'Frozen II' Continues The Sororial Saga
- Written by Martha K. Baker
I was all set to criticize "Frozen II" as demanding more maturity than the first of the "Frozen" franchise in 2013, for surely there will be more. I was going to alert parents to watch it first so they'd know when to cover their kiddies' little eyes and explain the hard parts.
Then, I found out that my great-nephews, 3 1/2 and 5 1/2, had seen "Frozen II" on opening day. Their mother and grandmother reported that neither boy moved a muscle (of course, they've been coached about how to behave at the moving picture show). Each child was caught in his seat by the spectacle, the colors, the story, the songs. And so I have to rescind my censoring self and acknowledge that even little children will find magnets to draw them to "Frozen II."
The main characters from "Frozen" return: the sisters Anna (voiced by Kristen Bell) and Elsa (Idina Menzel), the beau Kristoff (Jonathan Groff), and the snowman Olaf (Josh Gad). Olaf, who claims to have matured, threads a message about growing up throughout. The team troops out of Arendelle to find out why Elsa has the magic to create ice with her hands. "You're the bridge," Anna says to her sister, to which Elsa responds, "Bridges have two sides, and our mother had two daughters."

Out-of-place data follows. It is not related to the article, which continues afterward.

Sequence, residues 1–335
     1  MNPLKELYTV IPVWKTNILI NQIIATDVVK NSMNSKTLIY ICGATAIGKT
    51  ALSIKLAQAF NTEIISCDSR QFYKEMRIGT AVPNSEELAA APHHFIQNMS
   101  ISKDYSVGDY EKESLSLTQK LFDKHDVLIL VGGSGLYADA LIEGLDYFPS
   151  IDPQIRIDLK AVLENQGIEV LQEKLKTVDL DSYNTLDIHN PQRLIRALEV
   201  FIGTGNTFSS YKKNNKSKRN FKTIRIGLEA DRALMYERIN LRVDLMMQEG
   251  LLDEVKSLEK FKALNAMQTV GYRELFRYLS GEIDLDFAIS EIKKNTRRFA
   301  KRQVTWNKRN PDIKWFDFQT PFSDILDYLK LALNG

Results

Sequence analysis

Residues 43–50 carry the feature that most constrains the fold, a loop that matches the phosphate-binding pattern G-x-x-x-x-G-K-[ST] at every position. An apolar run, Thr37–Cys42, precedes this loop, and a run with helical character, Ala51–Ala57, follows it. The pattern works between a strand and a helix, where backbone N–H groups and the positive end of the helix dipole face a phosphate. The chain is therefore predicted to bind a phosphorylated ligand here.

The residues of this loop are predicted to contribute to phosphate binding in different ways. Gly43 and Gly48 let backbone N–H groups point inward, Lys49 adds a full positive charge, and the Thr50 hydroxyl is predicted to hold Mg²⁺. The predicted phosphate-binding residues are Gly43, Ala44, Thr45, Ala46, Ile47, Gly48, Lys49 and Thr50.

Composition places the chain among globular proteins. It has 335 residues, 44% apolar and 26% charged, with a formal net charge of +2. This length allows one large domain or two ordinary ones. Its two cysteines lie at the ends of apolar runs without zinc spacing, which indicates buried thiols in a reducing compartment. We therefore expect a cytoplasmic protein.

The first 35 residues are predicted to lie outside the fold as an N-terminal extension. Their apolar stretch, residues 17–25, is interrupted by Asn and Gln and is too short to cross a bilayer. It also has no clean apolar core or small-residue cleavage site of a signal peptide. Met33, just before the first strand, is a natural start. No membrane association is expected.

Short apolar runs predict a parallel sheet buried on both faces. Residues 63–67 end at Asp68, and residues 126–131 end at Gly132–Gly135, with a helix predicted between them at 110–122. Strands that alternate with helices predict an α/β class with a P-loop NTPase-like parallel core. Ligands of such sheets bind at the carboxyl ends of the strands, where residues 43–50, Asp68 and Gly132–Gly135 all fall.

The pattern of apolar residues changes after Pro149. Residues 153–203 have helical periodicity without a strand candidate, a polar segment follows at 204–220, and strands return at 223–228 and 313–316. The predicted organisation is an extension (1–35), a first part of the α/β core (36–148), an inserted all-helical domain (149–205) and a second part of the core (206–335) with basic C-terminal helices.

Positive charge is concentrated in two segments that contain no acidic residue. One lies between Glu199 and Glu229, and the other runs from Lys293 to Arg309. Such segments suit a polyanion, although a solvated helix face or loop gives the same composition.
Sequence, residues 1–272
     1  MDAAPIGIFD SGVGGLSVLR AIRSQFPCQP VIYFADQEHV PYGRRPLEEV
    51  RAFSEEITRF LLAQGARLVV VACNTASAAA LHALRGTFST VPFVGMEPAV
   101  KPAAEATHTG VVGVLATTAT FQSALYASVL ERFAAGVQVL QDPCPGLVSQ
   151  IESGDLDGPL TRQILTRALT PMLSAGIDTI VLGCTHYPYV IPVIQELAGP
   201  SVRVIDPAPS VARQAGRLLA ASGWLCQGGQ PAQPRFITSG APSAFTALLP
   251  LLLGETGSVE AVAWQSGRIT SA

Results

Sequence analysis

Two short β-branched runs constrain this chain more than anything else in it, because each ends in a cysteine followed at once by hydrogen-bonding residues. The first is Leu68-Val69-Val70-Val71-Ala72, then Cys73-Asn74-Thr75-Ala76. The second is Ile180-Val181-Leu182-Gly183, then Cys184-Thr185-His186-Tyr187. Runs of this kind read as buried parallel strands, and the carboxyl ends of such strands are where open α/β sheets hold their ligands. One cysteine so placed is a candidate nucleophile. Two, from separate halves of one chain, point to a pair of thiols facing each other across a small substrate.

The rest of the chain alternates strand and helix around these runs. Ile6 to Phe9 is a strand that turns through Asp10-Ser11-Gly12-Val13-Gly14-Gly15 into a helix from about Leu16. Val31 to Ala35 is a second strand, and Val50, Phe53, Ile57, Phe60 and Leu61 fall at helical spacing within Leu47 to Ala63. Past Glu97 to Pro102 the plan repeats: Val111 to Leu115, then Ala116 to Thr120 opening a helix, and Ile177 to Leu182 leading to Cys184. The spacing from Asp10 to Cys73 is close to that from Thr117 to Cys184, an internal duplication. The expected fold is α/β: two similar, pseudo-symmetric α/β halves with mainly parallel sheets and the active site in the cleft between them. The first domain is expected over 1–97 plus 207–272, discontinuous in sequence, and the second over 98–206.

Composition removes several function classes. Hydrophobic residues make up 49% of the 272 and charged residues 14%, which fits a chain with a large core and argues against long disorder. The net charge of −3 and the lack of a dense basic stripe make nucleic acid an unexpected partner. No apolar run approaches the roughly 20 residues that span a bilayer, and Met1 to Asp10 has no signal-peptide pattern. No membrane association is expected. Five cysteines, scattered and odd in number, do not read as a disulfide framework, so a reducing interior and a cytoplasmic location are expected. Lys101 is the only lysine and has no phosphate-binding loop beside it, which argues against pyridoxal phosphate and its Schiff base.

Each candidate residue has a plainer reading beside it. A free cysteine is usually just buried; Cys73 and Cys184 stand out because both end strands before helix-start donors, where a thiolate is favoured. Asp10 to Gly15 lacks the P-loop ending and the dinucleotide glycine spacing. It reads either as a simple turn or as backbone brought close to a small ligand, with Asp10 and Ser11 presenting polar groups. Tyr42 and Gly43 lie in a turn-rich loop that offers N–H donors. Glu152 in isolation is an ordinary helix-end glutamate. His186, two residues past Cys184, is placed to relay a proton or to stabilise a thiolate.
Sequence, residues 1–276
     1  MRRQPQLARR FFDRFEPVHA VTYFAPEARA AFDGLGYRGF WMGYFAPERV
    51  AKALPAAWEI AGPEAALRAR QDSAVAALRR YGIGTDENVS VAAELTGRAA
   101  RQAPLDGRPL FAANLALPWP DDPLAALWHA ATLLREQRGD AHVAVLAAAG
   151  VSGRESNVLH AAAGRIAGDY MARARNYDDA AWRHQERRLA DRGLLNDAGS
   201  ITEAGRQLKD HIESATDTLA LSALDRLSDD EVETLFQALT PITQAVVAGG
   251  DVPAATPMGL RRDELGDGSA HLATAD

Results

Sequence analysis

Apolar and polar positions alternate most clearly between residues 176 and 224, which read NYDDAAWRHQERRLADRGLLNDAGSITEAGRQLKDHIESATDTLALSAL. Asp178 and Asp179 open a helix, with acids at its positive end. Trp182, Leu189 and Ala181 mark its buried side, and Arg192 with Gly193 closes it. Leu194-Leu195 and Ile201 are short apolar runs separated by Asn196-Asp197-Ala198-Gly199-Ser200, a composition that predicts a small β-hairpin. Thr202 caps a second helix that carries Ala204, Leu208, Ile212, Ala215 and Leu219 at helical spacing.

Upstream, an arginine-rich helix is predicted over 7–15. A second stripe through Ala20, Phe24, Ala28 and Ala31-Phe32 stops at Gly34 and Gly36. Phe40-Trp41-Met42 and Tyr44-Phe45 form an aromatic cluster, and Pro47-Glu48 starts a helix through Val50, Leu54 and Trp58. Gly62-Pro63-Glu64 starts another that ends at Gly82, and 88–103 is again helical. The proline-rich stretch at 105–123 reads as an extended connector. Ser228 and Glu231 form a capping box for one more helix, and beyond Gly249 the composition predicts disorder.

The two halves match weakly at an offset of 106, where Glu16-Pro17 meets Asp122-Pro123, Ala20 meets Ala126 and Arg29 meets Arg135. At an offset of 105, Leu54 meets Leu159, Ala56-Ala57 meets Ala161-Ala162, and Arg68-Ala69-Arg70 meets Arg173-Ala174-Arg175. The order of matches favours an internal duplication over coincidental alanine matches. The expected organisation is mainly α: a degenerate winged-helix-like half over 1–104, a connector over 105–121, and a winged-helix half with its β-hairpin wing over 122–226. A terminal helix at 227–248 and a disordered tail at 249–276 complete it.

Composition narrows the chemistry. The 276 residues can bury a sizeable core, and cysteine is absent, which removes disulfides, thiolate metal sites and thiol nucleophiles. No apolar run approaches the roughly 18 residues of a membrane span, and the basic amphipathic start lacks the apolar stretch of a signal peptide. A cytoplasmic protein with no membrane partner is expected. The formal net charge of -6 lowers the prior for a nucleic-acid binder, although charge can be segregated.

They venture to an ancient land, caught in autumn (calling Carl Jung). The world is bound in darkness. This fairy tale was scripted chiefly by Jennifer Lee with a thematic emphasis on the four elements: earth, air, wind, and fire. The writers include Robert Lopez and Kristen Anderson-Lopez. She wrote the original songs, including the "Let It Go" number called "Into the Unknown," which is little more than screaming, bar by bar. There's also a tribute to Queen and other Eighties' music for parents to sing to.
Jennifer Lee directed with Chris Buck, who also directed the first "Frozen." They led a team of Disney animators to create a gorgeous film. "Frozen II," like Olaf, is perhaps more mature than "Frozen." Nevertheless, "Frozen II" captures even little ones' attention if my nephews are any sign of same.